Do You Have a Right to Clean and Healthy Air, Water, Soil, and Environment? To a Stable Climate?
Not in Our State Constitution – But We Can Change That!
Kimberly Stoner, Ph.D.
Of course, you have a moral right to these necessities for survival. But no, you do not have any environmental rights in the Connecticut state constitution or the U.S. constitution. Your right to a clean environment is not protected on the same level as your right to free speech or to freedom of religion. Or the right to bear arms.
Does it matter? There are laws for environmental protection at the state level: the CT Environmental Policy Act, the CT Environmental Protection Act; and at the Federal level: the Clean Air Act, the Clean Water Act, the National Environmental Policy Act, and others.
These laws have all been in place since the early 1970s, the era of Earth Day. They were huge advances in their time. But their power has eroded, sometimes because of weak enforcement or regulations on the part of the executive branch, sometimes because of court decisions, such as the recent U.S. Supreme Court decision weakening the protection of wetlands under the Clean Water Act.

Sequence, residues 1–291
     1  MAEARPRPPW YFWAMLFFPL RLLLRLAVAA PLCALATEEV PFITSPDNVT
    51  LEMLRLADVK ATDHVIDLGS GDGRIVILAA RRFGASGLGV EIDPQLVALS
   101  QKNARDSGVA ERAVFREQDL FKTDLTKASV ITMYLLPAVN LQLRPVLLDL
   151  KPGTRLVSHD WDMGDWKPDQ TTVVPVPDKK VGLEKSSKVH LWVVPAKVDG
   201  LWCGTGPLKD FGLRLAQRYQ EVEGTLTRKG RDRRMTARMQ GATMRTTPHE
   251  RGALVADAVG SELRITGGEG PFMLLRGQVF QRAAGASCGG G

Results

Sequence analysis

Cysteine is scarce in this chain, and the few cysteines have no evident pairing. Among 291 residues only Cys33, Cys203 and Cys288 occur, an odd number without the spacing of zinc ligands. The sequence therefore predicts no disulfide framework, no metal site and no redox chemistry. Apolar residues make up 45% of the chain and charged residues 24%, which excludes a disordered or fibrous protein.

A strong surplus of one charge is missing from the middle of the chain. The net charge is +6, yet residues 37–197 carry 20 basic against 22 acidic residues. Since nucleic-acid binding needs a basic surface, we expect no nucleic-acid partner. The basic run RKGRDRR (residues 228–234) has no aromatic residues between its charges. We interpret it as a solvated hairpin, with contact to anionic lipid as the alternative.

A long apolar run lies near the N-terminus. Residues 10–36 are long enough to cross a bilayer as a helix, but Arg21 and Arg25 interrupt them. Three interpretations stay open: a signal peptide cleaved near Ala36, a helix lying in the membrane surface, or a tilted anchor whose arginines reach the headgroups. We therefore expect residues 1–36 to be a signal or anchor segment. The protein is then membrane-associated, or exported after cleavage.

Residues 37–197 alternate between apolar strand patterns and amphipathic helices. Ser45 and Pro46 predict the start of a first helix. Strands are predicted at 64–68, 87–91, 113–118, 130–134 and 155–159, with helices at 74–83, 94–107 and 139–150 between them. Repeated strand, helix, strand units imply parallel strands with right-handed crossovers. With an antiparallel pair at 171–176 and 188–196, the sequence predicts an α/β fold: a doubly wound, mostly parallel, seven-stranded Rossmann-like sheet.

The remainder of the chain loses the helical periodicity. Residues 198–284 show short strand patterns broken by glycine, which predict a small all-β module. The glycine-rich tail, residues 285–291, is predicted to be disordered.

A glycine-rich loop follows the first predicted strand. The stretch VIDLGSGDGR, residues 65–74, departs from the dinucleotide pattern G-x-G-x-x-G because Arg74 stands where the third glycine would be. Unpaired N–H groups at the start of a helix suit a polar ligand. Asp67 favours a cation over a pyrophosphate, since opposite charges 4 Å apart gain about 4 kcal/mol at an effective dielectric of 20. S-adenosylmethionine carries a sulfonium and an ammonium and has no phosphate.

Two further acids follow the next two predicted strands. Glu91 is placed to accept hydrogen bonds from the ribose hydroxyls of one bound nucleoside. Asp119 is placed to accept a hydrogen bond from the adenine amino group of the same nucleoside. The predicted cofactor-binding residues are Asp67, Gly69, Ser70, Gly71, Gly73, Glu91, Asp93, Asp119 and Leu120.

And laws are easy for legislators to change, but a constitutional amendment is hard to change and can overturn bad laws. That’s what happened in Held v. Montana, the case brought by young people against the state of Montana, after the state legislature passed a law that would have required the government not to consider effects on climate change when deciding about permits for fossil fuel facilities. The young people won a court decision overturning that bad law based on the environmental rights in the Montana constitution.
I am leading a campaign, supported by the Connecticut Chapter of the Sierra Club, to pass the CT Environmental Rights Amendment. Passing an amendment to the constitution is not easy. In order to amend the state constitution, we have to win in both houses of the CT General Assembly. If we win by 75% of the vote in both houses, then the amendment goes to a referendum of the people. If we win by less than 75%, then it has to pass the legislature again before going to referendum.
Remember that all those environmental laws from the 1970s were passed because the people rose up and demanded change on Earth Day. To get a constitutional amendment protecting the necessities of life and protecting our environment for future generations, we will need to rise up again.
Inspired by the victory of the young people in Montana? You can learn more about how this links to Green Amendments, like the CT Environmental Rights Amendment, in a national webinar here.
Kimberly Stoner, Ph.D., is Director of Advocacy at CT NOFA.